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Last week’s release of leaked offshore banking documents, known as the Panama Papers, has dealt a blow to British Prime Minister David Cameron. Last Thursday, he finally admitted that he had personally profited from an offshore trust established by his now-deceased father, Ian Cameron, in the 1980s. After several days of stalling, the prime minister acknowledged that he held shares in an account call the Blairmore Investment Trust from 1997 to January 2010, shortly before he entered Downing Street.
Cameron’s statement on Thursday marked the fifth separate explanation of his financial affairs in only four days. He hopes that his latest pronouncement, along with the unprecedented decision for a UK prime minister to publicly release key details of his tax returns on Saturday, will satisfy public curiosity about his financial affairs. Cameron will also make an announcement in front of Parliament today, in which is expected to announce a new task force that will investigate the financial affairs of UK companies implicated in the Panama Papers, to be led by Her Majesty’s Revenue & Customs and the National Crime Agency.
But even though Cameron appears to have done nothing illegal, scrutiny over his involvement may intensify. He might not be alone, either: inquiries into the tax affairs of other members of the Cabinet, especially Chancellor of the Exchequer George Osborne, could be next. And with the British Parliament returning from Easter recess this week, the Cameron must manage this issue while also addressing a series of wider challenges, including the June 23 EU referendum and a crisis in the UK steel industry. In other words, Cameron is in for probably the biggest fight of his political career—one that may get the better of him as early as June given that he will probably be forced to resign if Britain votes to leave the European Union against his wishes.
The release of the Panama Papers comes during some of the most difficult weeks of Cameron’s six-year term in office. The troubled time began when the Conservative government released its annual budget in March, only for British Secretary of State for Work and Pensions, Iain Duncan Smith, to resign a few days later. Duncan Smith, a former British conservative party leader, excoriated the government in his resignation letter. He asserted that the announced cuts to welfare and funding for the disabled were “[…] not defensible in the way they were placed within a Budget that benefits higher earning taxpayers.” The resignation was unexpected, prompting a government reversal on the disability cuts, and led to days of headlines that hinted at a civil war within the party fueled, at least in part, by its divisions on the upcoming Brexit referendum.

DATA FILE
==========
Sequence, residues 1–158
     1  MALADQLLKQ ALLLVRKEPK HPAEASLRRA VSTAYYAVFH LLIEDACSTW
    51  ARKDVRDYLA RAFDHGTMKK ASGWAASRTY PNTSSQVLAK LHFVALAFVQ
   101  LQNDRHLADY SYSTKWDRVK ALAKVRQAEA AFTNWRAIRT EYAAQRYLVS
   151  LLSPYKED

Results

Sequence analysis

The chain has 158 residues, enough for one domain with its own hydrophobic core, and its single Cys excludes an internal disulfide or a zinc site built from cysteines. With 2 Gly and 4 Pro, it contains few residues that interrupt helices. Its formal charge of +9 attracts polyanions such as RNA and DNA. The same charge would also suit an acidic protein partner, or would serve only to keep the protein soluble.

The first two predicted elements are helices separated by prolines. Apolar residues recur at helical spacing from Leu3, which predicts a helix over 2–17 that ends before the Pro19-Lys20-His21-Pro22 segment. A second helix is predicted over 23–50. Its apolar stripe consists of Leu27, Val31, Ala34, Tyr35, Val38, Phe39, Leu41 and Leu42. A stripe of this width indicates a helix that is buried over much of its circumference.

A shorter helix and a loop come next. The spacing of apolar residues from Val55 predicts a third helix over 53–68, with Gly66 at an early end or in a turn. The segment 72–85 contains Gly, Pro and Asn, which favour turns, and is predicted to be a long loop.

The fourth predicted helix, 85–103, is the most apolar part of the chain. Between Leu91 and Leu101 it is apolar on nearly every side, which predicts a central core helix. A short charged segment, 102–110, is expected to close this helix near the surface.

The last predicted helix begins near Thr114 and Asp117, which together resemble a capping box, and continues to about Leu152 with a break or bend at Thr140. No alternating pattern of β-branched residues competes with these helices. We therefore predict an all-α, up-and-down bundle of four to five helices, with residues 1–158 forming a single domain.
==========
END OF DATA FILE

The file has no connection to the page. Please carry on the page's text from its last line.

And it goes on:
Cameron faces another challenge from the decision of Tata steel to sell its plants throughout England and Wales. The India-headquartered company employs some 15,000 UK workers, and it remains unclear whether buyers can be found for the all the sites, especially Port Talbot in Wales. If a buyer does not come forward, it is expected that many of those workers could soon be without jobs.
The government has come under pressure for its handling of the latest blow to the British steel industry, which has seen its market share erode from global oversupply, cheap Chinese imports, falling prices, and relatively high domestic energy costs. Business Secretary Sajid Javid, for instance, admitted that he was caught unaware by Tata’s announcement, which was made while he was on a trip to Australia. Javid has acknowledged that Tata’s decision to close its plants had advanced “much further than we expected.”
The government has attempted to seize back the initiative on this issue in recent days. Javid met with Tata officials last week in Mumbai, and both UK and Welsh officials have looked at ways in which they could support any would-be purchasers of the plants. Cameron’s team remains vulnerable on this issue, however, especially as he pressed the European Union to undermine tariff measures that would have helped keep Chinese steel from flooding the European market.
But Cameron’s biggest forthcoming challenge is June’s Brexit referendum, which could be his political unraveling. A survey done earlier this month gave the Brexit camp a 43 percent lead over the stay campaign (which received 39 percent of the survey’s tally). Another survey, conducted only a few days later, found that the Brexit campaign was trailing its pro-EU opponents by seven percentage points. Given that the contest could go either way, any significant political disturbance could tilt the balance of debate. A key danger for the prime minister is that the Panama Papers will continue to generate negative headlines for some significant time to come.